|A new 14 ft. Magnolia grandiflora in Beechwood Cemetery. Photo by Shelley Dekker.|
Durham Co. Master Gardener
“Gardens of repose,” i.e, cemeteries, have not had the philanthropic cachet of botanical or community gardens, but anyone who’s visited “The Old Burying Ground,” the historical, sprawling oaks-filled cemetery in Beaufort, NC, or the Spanish moss-laden live oaks of Bonaventure Cemetery of New Orleans, can appreciate the beauty and calming effect of shade trees used in cemetery landscaping as they visit the nation’s ancestors in those gardens of repose.
The historical Durham city cemeteries of Maplewood and Beechwood now have six new shade trees this spring sponsored by a beautification project of the Durham Council of Garden Clubs. Four 14-ft. Magnolia grandiflora 'Edith Bogue,' have been installed at the Beechwood Cemetery, Durham’s historical African-American cemetery on Fayetteville St. and Cornwallis Road. Two oak trees Quercus shumardii will be planted at Maplewood Cemetery to replace deteriorating trees slated for removal near the cemetery entrance off Duke University Road. Both city cemeteries have ongoing capital improvement projects.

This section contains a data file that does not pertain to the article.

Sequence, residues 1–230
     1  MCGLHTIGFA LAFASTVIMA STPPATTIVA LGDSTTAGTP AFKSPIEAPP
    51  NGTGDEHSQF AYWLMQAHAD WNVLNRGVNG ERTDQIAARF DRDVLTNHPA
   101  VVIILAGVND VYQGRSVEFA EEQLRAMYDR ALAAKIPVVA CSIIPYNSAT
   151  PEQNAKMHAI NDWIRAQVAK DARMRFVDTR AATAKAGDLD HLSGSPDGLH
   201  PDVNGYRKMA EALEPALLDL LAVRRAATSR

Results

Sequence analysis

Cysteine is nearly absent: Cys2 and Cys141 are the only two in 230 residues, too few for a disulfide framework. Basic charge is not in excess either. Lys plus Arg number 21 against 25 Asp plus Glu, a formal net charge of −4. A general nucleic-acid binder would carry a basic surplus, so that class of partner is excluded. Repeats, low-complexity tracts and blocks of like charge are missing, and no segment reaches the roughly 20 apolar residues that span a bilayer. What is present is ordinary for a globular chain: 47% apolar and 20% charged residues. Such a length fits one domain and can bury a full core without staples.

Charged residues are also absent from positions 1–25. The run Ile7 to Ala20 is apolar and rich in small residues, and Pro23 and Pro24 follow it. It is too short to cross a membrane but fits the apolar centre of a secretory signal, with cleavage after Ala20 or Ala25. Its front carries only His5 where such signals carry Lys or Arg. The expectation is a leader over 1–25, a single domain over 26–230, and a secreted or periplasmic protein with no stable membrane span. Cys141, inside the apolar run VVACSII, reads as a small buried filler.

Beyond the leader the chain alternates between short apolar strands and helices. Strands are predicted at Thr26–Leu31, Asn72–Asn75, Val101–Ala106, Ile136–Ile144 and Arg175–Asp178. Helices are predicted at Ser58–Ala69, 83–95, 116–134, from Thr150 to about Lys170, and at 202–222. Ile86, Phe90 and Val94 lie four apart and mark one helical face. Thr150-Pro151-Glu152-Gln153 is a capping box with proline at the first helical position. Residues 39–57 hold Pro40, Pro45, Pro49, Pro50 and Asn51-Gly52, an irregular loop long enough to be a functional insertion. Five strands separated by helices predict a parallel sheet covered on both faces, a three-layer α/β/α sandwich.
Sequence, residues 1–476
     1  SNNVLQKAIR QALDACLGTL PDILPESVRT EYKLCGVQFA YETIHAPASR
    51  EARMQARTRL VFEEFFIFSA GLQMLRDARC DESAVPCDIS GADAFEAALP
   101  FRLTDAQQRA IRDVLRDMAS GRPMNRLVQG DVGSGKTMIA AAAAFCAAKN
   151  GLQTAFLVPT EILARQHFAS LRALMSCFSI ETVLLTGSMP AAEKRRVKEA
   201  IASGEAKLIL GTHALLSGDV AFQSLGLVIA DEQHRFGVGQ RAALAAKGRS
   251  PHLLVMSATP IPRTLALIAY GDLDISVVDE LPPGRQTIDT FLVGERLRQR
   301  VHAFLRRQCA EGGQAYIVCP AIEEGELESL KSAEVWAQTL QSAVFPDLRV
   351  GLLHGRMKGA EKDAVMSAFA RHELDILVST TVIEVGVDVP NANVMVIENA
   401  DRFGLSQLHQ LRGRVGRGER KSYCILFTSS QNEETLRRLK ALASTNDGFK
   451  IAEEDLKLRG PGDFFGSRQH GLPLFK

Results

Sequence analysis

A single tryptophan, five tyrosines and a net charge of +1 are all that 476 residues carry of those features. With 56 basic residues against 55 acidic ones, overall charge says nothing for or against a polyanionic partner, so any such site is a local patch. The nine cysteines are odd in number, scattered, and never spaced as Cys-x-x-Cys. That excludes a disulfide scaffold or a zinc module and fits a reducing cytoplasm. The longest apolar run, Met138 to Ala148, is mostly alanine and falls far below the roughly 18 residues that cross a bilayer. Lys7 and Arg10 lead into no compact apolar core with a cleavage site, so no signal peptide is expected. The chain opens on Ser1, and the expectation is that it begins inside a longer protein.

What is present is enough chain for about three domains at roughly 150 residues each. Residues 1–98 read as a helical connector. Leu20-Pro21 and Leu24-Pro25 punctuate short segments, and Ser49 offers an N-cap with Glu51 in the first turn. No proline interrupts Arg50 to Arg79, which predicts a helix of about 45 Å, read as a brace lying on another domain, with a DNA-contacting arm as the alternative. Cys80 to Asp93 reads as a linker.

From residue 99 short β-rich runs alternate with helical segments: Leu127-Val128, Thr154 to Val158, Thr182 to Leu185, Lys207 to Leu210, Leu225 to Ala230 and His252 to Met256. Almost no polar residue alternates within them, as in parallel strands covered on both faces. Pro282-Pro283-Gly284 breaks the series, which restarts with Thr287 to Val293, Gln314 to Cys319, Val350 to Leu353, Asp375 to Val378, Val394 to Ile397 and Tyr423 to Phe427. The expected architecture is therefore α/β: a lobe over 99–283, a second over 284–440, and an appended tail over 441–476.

Tree selection was advised by Alex Johnson, Durham Urban Forestry Manager. Council President Trish Stewart said her suggestion of the magnolias was a welcome choice since the City of Durham always plants other less "bottom heavy" tree varieties for street plantings. Council Treasurer Shelley Dekker pointed out that tree planting in city cemeteries requires especially careful planning. “There’s very few of those sites available, as you can imagine, because all of that real estate is valuable.”
|Maplewood Cemetery will receive two Quercus shumardii. Photo by J.S. Corser|